The wonder and beauty of WNEW-FM’s format was that the DJ’s were far more than disc jockeys. While certainly playing music–vinyl and likely albums–they also spoke to us. They commented on current events. They read poetry. They told stories. They spoke for us.

In 1971, a New York Times article wrote, “In the radio world, Alison Steele is something of a rarity. As WNEW-FM’s self-proclaimed “Nightbird,”  she is the only full-time woman disk jockey in the city and one of the few in the country.”

Valentine’s Day, 1977

She left WNEW in 1979, but her voice continued to be her presence.

Alison died in 1995 of cancer. Our Nightbird had flown >>> NYT obit

References: NY Radio Archive site

WNEW FM DJ Alison Steele

Bob Dylan Talkin New York

Bob Dylan Talkin New York

There is no prep course for our first solo trip to New York City. It can be a pleasurable memory. Often a milestone. Whether we are from a farm, a factory town, or the infamous suburbs, the city’s sights, sounds, and smells congeal and we realize we are someplace like no other.

Bob Dylan Talkin New York

Snowy arrival

On January 24, 1961, University of Minnesota dropout Bob Dylan arrived in a snowy New York City: 178th Street at the eastern end of the George Washington Bridge.

The cold was brutal and every artery of the city was snowpacked, but I’d started out from the Frostbitten North Country,” Dylan wrote in Chronicles. “I didn’t know a single soul in this dark freezing metropolis but that was all about to change — and quick.”

He found his way to Greenwich Village and to a half-filled Cafe Wha?. Hootenanny night.

Dylan asked owner Manny Roth (uncle of David Lee Roth) if he could perform — and Dylan did, playing a short set of Woody Guthrie songs. In the following weeks, Dylan would appear occasionally at the coffee-house, playing harmonica behind Mark Spoelstra and Fred Neil, writer of Dolphins and Everybody’s Talkin’.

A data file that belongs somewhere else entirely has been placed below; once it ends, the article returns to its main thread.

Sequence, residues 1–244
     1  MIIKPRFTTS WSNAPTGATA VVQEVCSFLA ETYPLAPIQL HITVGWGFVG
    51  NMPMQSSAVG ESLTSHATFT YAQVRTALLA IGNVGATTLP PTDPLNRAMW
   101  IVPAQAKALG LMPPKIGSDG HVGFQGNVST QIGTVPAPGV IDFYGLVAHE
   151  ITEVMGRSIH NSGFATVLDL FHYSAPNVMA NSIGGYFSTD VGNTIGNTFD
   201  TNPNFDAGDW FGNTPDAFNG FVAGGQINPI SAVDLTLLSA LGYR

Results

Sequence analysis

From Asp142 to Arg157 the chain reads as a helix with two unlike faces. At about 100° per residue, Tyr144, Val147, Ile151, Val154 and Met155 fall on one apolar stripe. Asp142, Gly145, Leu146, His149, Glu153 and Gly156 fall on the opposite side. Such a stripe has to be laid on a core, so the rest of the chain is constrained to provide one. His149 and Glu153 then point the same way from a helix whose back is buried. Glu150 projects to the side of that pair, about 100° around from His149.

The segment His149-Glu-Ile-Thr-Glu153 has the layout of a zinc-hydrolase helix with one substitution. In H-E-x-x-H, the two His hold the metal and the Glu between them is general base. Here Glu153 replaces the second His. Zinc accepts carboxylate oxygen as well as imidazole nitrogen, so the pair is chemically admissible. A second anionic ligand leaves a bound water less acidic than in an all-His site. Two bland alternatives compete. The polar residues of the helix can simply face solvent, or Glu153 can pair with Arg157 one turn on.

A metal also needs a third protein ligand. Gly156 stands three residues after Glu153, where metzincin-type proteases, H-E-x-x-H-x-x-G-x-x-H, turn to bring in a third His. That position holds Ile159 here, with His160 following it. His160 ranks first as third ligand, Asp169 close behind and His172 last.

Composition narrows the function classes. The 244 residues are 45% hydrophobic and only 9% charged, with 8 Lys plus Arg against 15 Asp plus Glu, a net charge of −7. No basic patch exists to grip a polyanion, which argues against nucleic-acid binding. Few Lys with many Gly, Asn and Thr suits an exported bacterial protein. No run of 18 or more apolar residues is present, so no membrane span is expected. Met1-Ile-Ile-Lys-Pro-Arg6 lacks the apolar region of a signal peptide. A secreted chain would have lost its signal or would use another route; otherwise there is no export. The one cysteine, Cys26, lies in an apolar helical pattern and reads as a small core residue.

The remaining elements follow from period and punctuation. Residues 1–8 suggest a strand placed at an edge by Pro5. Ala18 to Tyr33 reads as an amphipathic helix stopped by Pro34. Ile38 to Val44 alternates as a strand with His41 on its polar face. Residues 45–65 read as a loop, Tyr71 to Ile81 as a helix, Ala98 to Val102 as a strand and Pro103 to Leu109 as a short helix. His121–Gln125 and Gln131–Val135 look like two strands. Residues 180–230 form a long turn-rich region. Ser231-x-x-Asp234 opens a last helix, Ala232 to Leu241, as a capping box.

By the end of 1961 he would perform his first concert in New York City. And of course by then he had memorialized that first visit like no one had before in Talkin’ New York.

It’s what is known as a talking blues song. Some people used the style because they couldn’t sing; others used it because it had a special impact on the words.

Let’s be kind and say Bob used it mainly for the latter reason.

Happy anniversary, Bob.

Bob Dylan Talkin New York
poster for Dylan’s first NYC concert (from

Bob Dylan Talkin New York

Rambling out of the wild west

Leaving the towns I love the best

Thought I’d seen some ups and down

‘Till I come into New York town

People going down to the ground

Building’s going up to the sky

Wintertime in New York town the wind blowing snow around

Walk around with nowhere to go

Somebody could freeze right to the bone

I froze right to the bone, New York Times said

“It was the coldest winter in seventeen years”

I didn’t feel so cold then

I swung on to my old guitar

Grabbed hold of a subway car

And after a rocking, reeling, rolling ride

I landed up on the downtown side Greenwich Village

I walked down there and ended up

In one of them coffee-houses on the block

Got on the stage to sing and play

Man there said, Come back some other day

You sound like a hillbilly We want folksingers here

Well, I got a harmonica job begun to play

Blowing my lungs out for a dollar a day

I blowed inside out and upside down

The man there said, He loved my sound

He was raving about he loved my sound

Dollar a day’s worth

After weeks and weeks of hanging around

I finally got a job in New York town

In a bigger place, bigger money too

Even joined the Union and paid my dues

Now, a very great man once said T

hat some people rob you with a fountain pen

It don’t take too long to find out

Just what he was talking about

A lot of people don’t have much food on their table

But they got a lot of forks and knives

And they gotta cut something

So one morning when the sun was warm

I rambled out of New York town

Pulled my cap down over my eyes

And headed out for the western skies

So long New York Howdy, East Orange

Bob Dylan Talkin New York